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Mar 22nd, 2011, 01:02 PM
  #7
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The truth about General Managers. Very rarely (and I mean very very rarely) does the General Manager work weekends or evenings. Yes they tend to work 8-4 or 9-5. Some hotels have a night manager or duty manager. If that is the case you now have two employees on hand which eliminates most of your problems. If there is only one agent on the desk and no other obvious employees then there won't be a GM or any manager to speak with. Most hotels will also have a houseman. That sounds good in theory but the houseman often is also the shuttle driver (especially at airport hotels) so he's likely not there but out at the airport. If the houseman has time between drives he will be the one sent up to your room for you. That is why you may be waiting up to 2 hours. The houseman can provide basic maintenance but a major repair at night is unlikely. If the hotel is full the front desk staff will usualy page the maintenance manager to come in but if there are other rooms available you will be offered another room. That may be the only alternative that there is to offer.
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Mar 22nd, 2011, 01:14 PM
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Unadvertised services often available in a hotel include kettles (for boiling your water to make tea), paper plates and plastic cutlery, toasters, playing cards, a place to store a freezer pac (may be the staff room fridge/freezer but usually they will assist you in this), sanitary supplies for women,combs,newspapers and umbrellas. Some hotels in Europe will have an electrical adaptor you can borrow if you forgot yours. Don't keep it more than one night as they likely have only one or maybe two. You can usually buy a new one at the local large train station or airport shop.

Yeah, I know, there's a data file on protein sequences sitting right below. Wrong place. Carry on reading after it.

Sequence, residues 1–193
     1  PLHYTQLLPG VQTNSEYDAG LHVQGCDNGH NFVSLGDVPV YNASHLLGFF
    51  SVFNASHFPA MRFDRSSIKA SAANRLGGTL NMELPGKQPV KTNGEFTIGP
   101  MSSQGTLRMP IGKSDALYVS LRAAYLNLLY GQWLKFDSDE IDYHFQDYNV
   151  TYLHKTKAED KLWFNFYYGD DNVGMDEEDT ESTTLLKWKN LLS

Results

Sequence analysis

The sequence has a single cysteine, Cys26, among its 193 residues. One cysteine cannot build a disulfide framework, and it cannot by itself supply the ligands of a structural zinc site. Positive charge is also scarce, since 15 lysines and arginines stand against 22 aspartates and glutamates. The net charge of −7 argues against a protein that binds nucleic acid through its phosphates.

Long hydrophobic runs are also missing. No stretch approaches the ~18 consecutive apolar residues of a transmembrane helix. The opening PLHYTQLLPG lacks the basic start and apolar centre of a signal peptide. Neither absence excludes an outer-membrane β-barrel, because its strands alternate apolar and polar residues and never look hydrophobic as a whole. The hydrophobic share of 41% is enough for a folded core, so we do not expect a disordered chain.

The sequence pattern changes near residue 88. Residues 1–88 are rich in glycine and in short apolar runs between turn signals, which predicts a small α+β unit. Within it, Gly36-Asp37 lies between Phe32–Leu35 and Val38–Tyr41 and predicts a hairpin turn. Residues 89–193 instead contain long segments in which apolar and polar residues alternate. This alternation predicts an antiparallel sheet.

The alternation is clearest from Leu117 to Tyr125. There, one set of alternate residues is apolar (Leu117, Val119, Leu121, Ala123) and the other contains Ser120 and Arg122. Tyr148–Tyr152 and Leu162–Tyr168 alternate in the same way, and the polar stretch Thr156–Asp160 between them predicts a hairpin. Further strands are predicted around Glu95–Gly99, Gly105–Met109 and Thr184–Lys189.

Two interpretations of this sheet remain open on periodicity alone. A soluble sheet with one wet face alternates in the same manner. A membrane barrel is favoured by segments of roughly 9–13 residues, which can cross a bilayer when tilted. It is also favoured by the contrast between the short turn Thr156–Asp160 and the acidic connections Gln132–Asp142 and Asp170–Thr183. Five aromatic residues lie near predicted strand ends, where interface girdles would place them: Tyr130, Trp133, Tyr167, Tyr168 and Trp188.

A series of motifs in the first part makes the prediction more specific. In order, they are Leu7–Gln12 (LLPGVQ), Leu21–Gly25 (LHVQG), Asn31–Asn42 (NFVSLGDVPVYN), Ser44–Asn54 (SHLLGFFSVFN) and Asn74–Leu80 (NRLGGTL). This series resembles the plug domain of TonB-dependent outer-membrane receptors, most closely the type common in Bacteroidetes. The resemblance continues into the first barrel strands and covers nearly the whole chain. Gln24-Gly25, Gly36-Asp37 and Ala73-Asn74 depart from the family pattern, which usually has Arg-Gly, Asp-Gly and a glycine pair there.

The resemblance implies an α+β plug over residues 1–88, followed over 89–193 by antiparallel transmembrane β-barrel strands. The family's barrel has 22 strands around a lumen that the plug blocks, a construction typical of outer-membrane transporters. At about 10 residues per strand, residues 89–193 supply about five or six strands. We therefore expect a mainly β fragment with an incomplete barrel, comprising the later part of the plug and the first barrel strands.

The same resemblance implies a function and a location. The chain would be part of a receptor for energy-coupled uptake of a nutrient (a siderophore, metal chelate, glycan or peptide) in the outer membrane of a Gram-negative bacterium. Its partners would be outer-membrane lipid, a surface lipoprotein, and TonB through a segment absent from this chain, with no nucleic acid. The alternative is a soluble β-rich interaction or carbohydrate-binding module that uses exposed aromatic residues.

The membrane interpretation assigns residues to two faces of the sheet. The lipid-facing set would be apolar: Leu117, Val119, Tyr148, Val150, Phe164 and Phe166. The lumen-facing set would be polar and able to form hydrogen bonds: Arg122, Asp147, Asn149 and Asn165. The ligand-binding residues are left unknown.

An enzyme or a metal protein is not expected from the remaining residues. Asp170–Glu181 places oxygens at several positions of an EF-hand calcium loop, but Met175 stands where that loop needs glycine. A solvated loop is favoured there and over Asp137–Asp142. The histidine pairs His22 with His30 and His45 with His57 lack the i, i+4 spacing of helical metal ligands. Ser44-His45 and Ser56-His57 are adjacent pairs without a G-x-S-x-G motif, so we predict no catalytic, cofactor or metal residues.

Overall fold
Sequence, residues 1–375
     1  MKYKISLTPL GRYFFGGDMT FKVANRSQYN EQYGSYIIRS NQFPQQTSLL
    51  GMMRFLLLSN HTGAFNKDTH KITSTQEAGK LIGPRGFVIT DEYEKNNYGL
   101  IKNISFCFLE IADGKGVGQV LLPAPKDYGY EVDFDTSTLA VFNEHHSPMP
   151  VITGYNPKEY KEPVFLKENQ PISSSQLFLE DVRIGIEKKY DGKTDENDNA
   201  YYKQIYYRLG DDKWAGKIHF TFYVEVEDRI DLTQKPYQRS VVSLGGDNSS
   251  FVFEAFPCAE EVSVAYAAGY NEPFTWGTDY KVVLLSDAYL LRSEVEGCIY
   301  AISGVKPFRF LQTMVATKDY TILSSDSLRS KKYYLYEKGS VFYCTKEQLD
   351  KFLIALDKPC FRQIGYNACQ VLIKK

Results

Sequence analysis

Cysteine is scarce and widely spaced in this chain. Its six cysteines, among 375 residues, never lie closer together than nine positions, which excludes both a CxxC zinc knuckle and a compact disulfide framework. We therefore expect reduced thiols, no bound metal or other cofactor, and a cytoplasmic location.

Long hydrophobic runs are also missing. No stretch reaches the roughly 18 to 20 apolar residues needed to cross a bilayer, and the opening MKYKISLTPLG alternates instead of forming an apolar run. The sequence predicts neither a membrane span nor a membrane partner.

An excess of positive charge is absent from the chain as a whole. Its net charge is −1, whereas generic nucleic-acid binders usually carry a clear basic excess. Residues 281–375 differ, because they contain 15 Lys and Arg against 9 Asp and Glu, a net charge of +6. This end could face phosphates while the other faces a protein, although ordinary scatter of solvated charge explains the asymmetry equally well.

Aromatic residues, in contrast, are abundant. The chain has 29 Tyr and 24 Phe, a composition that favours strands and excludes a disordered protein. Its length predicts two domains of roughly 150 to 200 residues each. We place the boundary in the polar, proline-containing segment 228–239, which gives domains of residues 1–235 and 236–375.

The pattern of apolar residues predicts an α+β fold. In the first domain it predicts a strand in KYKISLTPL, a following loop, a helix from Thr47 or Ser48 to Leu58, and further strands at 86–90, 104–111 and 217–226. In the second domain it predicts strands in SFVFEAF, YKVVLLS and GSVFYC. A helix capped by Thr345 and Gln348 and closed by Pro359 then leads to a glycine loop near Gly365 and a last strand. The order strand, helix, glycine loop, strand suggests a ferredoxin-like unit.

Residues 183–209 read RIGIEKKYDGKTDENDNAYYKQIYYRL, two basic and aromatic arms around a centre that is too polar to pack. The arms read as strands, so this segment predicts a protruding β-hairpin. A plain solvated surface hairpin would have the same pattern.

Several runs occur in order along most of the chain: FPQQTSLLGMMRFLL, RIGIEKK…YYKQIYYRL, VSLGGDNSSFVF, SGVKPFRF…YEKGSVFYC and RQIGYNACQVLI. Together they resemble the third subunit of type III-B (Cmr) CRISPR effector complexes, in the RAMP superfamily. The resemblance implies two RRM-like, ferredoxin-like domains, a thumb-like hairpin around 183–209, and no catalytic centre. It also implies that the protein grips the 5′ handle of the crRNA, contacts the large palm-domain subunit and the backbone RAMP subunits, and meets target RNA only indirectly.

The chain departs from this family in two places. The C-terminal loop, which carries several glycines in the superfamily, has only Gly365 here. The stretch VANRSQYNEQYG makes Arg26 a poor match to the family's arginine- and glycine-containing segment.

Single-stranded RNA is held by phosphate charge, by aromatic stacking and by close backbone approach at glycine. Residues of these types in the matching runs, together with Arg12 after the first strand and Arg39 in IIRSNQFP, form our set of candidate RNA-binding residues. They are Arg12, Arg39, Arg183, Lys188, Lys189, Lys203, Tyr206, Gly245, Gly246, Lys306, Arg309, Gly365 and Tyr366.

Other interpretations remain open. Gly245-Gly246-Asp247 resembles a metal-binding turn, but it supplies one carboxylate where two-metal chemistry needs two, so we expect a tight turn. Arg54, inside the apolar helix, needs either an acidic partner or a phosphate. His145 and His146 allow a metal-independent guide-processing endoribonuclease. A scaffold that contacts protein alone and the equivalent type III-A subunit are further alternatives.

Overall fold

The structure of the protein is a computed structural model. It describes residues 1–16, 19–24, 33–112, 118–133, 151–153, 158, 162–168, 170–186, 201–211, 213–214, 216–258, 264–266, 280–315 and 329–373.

Personal tip which has kept me painfree or warm. Always carry a plastic water bottle with you (with a screw on cap). These can be filled with hot tap water in place of an electric heating pad or hot water bottle. They can keep you warm in certain freezing cold rooms in the U.K. or France but also soothe aching muscles from all that heavy luggage lifting. Good for cramps too if you've run out of painkillers. Best thing I ever learned. (Warning: Do not fill the bottle with boiling water from a kettle, the bottle will melt and the scalding water will pour out the bottom...learned from experience).
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Mar 22nd, 2011, 05:03 PM
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Thank you Baxterpoo for these insights. Many times people say they want a "small personal hotel" but it can come with inconveniences that a large "impersonal" hotel may not have.

I'm always surprised at reviews on TripAdvisor where the reviewer obviously hadn't thought about what type of hotel they were getting in relation to what they are paying. I read any review I can find before deciding on a hotel.

And it's odd what people want. I remember a review where this guy slammed the hotel because he got "stuck" in a room down the hall from the elevator. He was sure it was an act of bigotry. I'm always happy to get away from the elevator. Too much noise for me.

Reviews that give few stars because the staff was "rude" imo, are silly. Anyone should be able to get along with desk clerk for a few minutes and we never know what's going on with other people. I don't mind coming to the front desk, usually because I'm impatient.

There are things that irritate me though. When I know I'm entitled to something and it's pulled away from me when I get there. This has happened when I relied only on reservation numbers to check in. Now, I download everything. If breakfast is to be included, I want my breakfast. I don't want to fight for a discount that I was promised when I made the reservation.

One thing, since you mentioned it. Heat feels good but nothing works for pain like ice. Always travel with extra ziplocks, you never know when you might need a ziplock filled with ice wrapped in a towel.
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Mar 23rd, 2011, 03:59 PM
  #10
 
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Your first two sentences say it all, Baxterpoo. I don't expect turn down service or chocolates on my pillow at the Best Western. If I did, I'd really be setting myself up for disappointment.